- When the eggs are no longer hot, gently remove the shells. Set aside.
- Mix all the ingredients in B together. Divide it into four portions.
- Place one portion of the meat patty on a piece of plastic sheet. Put another plastic sheet on the patty. Flatten the meat between two plastic sheets.
- Remove the plastic sheet above the meat and place the egg on it. Lift up the four corners of the plastic sheet at the bottom. The meat will adhere onto the egg. Remove the plastic sheet and cover the remaining area with more meat, or remove any excess.
- Dip the egg into plain flour, then to egg wash and finally cover it with bread crumbs.
- Deep fried at medium heat for three minutes until the surface becomes light golden brown.
- Cut the egg in half and arrange it on a bed of salad. Serve with kewpie mayonnaise.
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Serving Size:4 eggs
Amount Per Serving: Calories: 406Total Fat: 20gSaturated Fat: 5gTrans Fat: 0gUnsaturated Fat: 12gCholesterol: 280mgSodium: 312mgCarbohydrates: 34gFiber: 2gSugar: 3gProtein: 23g
This data was provided and calculated by Nutritionix on 4/16/2019
10 simple tricks to prepare the Scotch egg successfully
Note: I try to make it clear as much as I can. Please read the following tips before attempting the recipe.
- I use a medium sized egg which is about 55g each. You need to adjust the duration of the egg is larger to get the right texture.
- The perfect time to cook the egg white until just hard enough to peel off the shell while still holding the runny yolk at the center is 5 minutes.
- You can boil the egg for 6-8 minutes to make a semi-hard boiled egg. It is easier to handle than a soft boiled egg that is very delicate. I only cooked the eggs for 5 minutes because I like the texture of Japanese soft boiled egg like those you eat with ramen.
- Bring the water to a boil before submerging the eggs in the water. Boil enough water so that the eggs are fully submerged to ensure even cooking.
- You need to adjust the boiling time a little longer if you use refrigerated eggs. I use eggs at room temperature in the recipe.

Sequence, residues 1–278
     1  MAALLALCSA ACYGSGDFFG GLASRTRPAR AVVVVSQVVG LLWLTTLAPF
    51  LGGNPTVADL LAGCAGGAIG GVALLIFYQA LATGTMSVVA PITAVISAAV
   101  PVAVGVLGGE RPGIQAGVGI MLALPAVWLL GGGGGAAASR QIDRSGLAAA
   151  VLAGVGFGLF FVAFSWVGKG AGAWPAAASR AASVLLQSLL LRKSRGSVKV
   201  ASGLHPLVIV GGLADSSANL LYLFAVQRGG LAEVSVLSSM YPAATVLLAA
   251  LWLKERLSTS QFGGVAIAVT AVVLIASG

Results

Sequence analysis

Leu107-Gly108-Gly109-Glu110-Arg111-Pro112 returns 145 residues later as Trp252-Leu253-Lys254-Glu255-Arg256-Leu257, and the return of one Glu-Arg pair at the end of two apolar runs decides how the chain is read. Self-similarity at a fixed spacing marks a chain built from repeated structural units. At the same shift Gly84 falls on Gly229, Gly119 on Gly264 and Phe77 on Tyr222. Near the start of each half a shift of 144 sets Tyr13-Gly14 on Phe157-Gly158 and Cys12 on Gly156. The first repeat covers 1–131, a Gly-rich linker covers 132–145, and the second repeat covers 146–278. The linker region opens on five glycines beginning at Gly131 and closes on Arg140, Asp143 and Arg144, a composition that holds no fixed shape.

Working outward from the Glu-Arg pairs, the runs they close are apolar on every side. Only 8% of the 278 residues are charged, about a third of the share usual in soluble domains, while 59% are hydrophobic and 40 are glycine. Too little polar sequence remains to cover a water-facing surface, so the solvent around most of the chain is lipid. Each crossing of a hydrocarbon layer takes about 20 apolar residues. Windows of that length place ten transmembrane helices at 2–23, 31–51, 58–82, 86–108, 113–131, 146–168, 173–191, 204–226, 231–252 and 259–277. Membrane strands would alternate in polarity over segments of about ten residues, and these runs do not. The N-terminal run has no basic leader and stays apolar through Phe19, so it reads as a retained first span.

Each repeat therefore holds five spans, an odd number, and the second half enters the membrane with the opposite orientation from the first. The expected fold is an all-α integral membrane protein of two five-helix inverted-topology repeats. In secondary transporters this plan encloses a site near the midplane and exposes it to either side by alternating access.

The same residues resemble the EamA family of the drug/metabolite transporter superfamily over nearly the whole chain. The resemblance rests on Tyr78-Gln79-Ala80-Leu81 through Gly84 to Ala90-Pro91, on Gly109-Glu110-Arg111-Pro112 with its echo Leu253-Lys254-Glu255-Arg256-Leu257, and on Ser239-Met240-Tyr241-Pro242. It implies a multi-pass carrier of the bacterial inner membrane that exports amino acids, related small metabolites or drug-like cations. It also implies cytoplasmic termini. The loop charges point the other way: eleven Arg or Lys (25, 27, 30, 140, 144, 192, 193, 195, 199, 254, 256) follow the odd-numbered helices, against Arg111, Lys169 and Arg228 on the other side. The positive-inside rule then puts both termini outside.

- Let the eggs roll slightly in the boiling water occasionally in the first two minutes. The egg white will set partially, and the yolk will stay in the middle. It is important to keep the yolk at the center since we will cut to review it and serve.
- It is easier to peel the eggshells under running tap water. The water seeps in between the shells, and the shell will loosen the membrane from the egg white.
- Deep fried with medium heat to avoid the color of the breadcrumb darkens quickly with high heat. The goal is to cook the meat and to form a beautiful light brown crust. Avoid deep-fried over an extended period because it can harden the egg yolk,
- You can use the method I demonstrate in the video to wrap the meat around the egg, which is less messy and fast. Flatten the meat patties in between two plastic sheets. Remove the plastic sheet on top and place the egg on the patty. Lift up the four corners of the plastic sheet and the meat will adhere onto the egg. Remove the plastic sheet. Cover the remaining surface with more meat, or remove if there is any excess.
- The patty is quite soft due to the use of ketchup, soy sauce, and Worcestershire sauce. You can encase the egg with the patty can freeze it for half an hour if you have the problem to handle the eggs. Once the eggs freeze partially, it is easier to apply the egg wash and bread crumb.